When Sarah has had Isaac, she laughs again. A different laugh: God's promise and power has proved true, and she says, "God has brought me laughter, and everyone who hears about this will laugh with me." (Genesis 21:8)

Christ abolished death is a reason for our cold, cynical, hopeless hearts to fill up with joy, until they bubble over in delighted, liberated laughter. Christ has abolished death! Death! That immovable expanse of cold stone? Christ burst through it. That trump card of despair? Christ Jesus obliterated it! The bottom line justification for despair and misery and hopelessness? It's had its foundation blown through: He's alive! 

And because of His triumph, if we have Him, if we are in Him, we too have life (1 John 5:12). He has risen from the grave; all of God's promises find their resounding YES in Him (2 Corinthians 1:20)! We take refuge with the One who explodes the hopelessness, finality and coldness of death in to infinite pieces, the One who is risen with healing in his wings, the One who is warmth and joy and creativity and newness and redemption and hope. And hope and hope and hope.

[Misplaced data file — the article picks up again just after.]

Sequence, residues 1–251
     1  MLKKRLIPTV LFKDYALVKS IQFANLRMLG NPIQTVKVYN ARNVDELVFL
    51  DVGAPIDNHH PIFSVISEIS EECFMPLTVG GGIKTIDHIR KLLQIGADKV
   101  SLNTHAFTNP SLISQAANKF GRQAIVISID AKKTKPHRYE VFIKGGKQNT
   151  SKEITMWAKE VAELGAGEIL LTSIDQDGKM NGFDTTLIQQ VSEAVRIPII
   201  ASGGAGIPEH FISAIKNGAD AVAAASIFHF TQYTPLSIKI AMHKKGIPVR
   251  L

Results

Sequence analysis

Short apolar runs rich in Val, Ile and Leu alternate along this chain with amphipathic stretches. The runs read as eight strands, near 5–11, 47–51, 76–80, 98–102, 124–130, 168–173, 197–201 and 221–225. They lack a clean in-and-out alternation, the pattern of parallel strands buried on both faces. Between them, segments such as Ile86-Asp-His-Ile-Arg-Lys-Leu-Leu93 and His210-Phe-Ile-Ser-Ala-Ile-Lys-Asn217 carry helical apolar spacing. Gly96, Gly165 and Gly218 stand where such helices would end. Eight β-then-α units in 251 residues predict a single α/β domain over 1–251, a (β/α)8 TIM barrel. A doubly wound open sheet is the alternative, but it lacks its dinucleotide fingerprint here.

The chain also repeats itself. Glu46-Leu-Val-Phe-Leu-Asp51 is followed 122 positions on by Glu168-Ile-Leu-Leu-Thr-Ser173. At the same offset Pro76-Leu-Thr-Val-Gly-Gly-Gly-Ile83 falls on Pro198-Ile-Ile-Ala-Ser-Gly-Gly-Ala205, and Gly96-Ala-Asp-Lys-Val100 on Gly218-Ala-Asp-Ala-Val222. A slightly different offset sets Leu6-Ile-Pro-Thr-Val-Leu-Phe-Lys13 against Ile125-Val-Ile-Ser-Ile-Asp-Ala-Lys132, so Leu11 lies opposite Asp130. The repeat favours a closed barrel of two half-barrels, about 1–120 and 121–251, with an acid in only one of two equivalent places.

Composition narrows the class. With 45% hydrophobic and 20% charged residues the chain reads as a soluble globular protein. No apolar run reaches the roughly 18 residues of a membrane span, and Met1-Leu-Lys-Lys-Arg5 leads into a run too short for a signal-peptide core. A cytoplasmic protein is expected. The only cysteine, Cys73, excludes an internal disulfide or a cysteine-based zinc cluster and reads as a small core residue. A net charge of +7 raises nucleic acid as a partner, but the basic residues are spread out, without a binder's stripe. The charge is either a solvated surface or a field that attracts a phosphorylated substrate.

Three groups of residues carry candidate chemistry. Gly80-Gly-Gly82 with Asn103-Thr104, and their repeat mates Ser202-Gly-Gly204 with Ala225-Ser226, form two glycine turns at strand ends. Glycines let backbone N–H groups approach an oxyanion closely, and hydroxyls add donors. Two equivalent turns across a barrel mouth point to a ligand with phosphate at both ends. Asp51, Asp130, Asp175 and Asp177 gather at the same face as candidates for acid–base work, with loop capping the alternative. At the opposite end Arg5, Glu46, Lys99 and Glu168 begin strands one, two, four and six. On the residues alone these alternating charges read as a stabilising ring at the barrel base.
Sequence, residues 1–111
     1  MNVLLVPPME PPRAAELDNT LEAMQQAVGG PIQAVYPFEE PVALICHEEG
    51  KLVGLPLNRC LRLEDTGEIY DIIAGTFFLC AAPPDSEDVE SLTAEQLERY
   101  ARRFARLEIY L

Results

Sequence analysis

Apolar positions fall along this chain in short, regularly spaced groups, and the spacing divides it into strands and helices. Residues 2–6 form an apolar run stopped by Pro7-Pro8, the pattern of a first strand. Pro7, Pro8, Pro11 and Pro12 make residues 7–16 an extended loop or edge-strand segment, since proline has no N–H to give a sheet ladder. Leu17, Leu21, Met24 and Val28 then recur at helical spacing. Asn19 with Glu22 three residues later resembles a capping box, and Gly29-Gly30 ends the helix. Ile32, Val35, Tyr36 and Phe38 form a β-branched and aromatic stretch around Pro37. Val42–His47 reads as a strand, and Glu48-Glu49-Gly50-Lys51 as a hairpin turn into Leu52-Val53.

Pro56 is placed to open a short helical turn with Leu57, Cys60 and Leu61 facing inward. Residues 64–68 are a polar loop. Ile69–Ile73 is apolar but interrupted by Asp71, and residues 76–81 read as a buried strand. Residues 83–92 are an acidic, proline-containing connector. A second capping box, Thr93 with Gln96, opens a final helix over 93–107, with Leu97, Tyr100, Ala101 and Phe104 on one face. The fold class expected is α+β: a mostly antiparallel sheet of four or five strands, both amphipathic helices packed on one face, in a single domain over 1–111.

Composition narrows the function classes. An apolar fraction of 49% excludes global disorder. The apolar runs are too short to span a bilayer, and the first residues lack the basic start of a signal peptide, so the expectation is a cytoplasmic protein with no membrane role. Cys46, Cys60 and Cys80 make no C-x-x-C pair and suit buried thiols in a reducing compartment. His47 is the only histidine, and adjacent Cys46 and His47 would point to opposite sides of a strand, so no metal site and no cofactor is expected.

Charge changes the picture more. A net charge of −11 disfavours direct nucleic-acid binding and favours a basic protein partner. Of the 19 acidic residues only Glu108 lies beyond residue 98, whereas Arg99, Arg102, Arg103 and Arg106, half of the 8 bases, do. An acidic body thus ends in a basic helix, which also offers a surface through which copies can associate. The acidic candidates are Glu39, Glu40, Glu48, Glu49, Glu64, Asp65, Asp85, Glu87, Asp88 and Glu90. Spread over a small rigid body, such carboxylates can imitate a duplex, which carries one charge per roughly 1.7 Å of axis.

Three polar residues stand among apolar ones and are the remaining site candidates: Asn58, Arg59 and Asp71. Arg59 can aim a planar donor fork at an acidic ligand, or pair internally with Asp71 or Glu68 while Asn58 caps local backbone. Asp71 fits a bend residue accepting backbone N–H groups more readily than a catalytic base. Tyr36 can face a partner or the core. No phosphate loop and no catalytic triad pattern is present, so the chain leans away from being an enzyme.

I don't know whether Peggy had the Son, and therefore life. As I walked away from the house, I hoped so. Death humbles us in the shade of its power and its reality. What humbles me more than death, though, is Jesus, the Living One. 

In Mark 4 he was able to wake the girl from death as though she had just been having an afternoon nap. He lifted her to life from the darkest of nights: no wonder those who saw him do it were seized with fear. Today, Jesus still plunges his hand in to the darkness to bring life and immortality to those who are dead; to lift them up in to His own life and light and delight and warmth and power and kindness and joy and  hope. Staggeringly, He will not let his grip go, until he's brought his children all the way through life, through death and in to his glorious presence. 

This, I feel, at least merits a smile. 

"Because of his great love for us, God, who is rich in mercy, made us alive with Christ, even when we were dead in our transgressions... And God raised us up with Christ and seated us with him in the heavenly realms in Christ Jesus..." Ephesians 2:6-7

"If Christ has not been raised, our preaching is useless and so is your faith. But, Christ has indeed been raised from the dead, the first fruits of those who have fallen asleep." 
1 Corinthians 15: 14, 20

"Christ abolished death, and brought life and immortality to light through the gospel." 
2 Timothy 1:10